In 1913, an Indian replaced Liberty on the buffalo nickel. “Liberty” appeared next to the Indian’s head, but he was not the same Liberty in Indian headdress that had appeared on the 1859 penny. In 1916, Americans got their first Roman god on their coinage. Mercury’s image replaced Liberty on the dime. The word “Liberty” still appeared above Mercury’s winged head, but the difference between the ancient god and the uniquely American personification of Liberty was evident.

In 1932, Franklin Roosevelt became president. He wasted no time remaking the U.S. government according to his vision. The worship of a new, secular god swept over the shores of the Potomac. Shiny new temples of white stone sprang up all over Washington. Hordes of ambitious new priests made their pilgrimage to serve in these temples, and most were loath to depart whence they had come. Some were elected, but most were appointed. Progressive tithes were exacted from the country at large with the imposition of graduated income taxes. The new god was replete with all the divine attributes of omniscience, omnipresence, omnipotence, and omnibenevolence.

In keeping with Roosevelt’s grand scheme, cataclysmic changes swept through the mint. Mere cessation of gold coinage was deemed insufficient. Instead, private ownership of gold coins was outlawed. The mint suddenly behaved like a leaf blower switched in reverse. Gold was vacuumed from the citizens’ pockets and sucked into the mint, where an orgy of melting occurred. Simultaneously, George Washington replaced Liberty on the quarter.

Six years later, in 1938, Jefferson appeared on the nickel, and eight years after that, following Roosevelt’s death, Roosevelt’s image assumed its eternal place on the dime. A scant two years later, in 1948, the final numismatic image of Liberty was displaced by Benjamin Franklin on the half- dollar. The symbolic reign of Liberty was over, and the reign of men was established.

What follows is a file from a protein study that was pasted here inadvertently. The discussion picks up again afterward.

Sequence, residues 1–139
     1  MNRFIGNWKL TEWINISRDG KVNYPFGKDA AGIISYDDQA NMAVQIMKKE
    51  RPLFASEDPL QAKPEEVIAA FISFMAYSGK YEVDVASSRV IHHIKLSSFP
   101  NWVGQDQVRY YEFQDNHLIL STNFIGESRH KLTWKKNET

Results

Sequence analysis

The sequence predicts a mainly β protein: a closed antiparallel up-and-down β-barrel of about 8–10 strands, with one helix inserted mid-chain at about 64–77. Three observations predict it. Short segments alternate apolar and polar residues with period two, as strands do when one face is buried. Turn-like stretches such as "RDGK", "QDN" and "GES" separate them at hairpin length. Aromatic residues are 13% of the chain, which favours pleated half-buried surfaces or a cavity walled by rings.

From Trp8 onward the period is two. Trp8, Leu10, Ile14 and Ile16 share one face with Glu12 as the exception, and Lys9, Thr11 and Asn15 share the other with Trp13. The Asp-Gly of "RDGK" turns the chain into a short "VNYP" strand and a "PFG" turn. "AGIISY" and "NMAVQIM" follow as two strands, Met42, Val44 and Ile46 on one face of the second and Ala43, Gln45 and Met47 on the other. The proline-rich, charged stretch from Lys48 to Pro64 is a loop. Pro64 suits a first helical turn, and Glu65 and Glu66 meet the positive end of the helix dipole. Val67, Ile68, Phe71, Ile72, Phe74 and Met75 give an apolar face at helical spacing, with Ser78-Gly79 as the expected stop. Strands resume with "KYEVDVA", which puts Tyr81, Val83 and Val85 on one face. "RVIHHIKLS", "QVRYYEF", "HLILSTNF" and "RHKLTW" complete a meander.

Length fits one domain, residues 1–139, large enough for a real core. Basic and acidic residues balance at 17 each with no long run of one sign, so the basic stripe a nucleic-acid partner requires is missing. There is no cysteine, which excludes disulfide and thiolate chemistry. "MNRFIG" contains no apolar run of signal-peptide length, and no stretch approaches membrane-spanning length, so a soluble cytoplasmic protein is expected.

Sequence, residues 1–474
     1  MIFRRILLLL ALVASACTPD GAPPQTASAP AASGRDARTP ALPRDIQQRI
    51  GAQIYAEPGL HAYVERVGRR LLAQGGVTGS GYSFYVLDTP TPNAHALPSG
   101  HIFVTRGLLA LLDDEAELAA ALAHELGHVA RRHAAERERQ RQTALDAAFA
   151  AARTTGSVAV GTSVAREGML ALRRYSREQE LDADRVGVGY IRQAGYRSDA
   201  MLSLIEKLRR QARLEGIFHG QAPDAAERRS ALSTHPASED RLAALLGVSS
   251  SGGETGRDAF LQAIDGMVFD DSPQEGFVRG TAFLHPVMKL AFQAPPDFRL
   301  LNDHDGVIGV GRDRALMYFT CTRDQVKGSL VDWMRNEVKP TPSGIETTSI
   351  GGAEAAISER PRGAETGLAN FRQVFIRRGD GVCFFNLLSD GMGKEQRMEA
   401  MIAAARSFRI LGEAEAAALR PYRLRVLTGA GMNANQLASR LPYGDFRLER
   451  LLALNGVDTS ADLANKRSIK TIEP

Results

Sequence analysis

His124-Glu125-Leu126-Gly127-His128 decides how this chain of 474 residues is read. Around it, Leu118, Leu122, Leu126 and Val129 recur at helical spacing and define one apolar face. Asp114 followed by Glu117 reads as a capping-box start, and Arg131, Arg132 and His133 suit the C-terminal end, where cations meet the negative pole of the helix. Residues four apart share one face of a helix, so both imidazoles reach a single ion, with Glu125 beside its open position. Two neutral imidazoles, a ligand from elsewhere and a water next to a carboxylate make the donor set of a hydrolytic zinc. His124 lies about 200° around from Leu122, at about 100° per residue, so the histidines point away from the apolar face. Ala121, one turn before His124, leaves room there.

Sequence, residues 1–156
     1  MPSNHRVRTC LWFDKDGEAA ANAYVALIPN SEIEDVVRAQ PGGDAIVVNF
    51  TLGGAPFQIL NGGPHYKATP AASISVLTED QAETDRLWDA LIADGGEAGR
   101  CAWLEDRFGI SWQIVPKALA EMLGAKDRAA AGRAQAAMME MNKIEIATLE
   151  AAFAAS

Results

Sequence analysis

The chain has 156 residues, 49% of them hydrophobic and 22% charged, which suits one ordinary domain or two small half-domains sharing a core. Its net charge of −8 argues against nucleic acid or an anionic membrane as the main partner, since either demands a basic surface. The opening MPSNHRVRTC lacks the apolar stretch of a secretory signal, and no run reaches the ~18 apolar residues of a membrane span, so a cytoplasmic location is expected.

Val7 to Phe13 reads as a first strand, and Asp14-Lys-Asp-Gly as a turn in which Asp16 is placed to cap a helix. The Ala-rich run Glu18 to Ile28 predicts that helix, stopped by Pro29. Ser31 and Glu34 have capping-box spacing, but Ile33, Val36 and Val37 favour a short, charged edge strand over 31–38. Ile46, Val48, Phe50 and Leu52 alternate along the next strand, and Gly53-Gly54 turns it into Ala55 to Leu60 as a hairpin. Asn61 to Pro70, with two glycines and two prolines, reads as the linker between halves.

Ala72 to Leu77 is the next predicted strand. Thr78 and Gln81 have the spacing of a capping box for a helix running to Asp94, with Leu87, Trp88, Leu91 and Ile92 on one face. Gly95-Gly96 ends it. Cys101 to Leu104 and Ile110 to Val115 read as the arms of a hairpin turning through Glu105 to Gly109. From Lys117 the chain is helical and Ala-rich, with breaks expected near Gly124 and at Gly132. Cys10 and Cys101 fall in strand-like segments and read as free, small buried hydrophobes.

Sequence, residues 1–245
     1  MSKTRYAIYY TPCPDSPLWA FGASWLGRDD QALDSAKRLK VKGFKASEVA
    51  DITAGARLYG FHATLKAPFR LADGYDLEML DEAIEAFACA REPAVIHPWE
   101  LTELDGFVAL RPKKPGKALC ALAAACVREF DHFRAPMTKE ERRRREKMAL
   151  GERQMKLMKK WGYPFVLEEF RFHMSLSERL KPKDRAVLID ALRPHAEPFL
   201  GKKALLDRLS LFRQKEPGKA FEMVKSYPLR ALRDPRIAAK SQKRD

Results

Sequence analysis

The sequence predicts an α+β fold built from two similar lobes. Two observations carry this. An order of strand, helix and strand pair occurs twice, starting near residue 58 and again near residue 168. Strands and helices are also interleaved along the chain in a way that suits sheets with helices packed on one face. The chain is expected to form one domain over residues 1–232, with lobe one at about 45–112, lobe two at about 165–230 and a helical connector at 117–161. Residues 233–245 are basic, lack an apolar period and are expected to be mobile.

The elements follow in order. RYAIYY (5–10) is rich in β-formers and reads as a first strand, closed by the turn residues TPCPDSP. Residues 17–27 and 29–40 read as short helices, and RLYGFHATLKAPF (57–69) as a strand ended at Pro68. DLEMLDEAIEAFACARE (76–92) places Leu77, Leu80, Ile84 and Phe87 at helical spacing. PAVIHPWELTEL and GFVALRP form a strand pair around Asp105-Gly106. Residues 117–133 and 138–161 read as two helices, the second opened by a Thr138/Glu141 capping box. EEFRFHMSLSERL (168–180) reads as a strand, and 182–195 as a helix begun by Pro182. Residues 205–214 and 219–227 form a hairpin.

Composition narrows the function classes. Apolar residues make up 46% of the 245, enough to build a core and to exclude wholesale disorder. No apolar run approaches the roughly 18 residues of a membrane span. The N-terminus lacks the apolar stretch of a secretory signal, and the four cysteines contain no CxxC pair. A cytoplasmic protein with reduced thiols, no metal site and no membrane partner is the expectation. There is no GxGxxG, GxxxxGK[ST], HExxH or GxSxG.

Up to the present, the only other significant change in U.S. coinage has been the metallic debasement necessitated by the sybaritic spending of the Great Society. The second half of the 20th century coincided with the 20-fold inflation of the dollar. As copper and silver became more expensive to coin, they were replaced with much cheaper zinc and nickel. A thin plating of copper was retained on the zinc penny for the sake of deceptive appearances. Dimes, quarters, and half-dollars were debased from silver to a copper-nickel composite. Gold and silver coins disappeared from the pockets of the American people.

This sad tale is not yet over. The pessimist foresees the future appearance of even baser images and metals in our coinage. The optimist still dreams of a return to the sound money of bygone days.

Throughout history, the substance and image of a nation’s coins reify its guiding spirit. Even today, most Americans would probably prefer a golden Liberty to a cupronickel Roosevelt, but noble preferences are little match for the velvet glove and iron fist of the modern American megastate.

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    Edward Elmer is an orthopedic surgeon practicing in South Texas.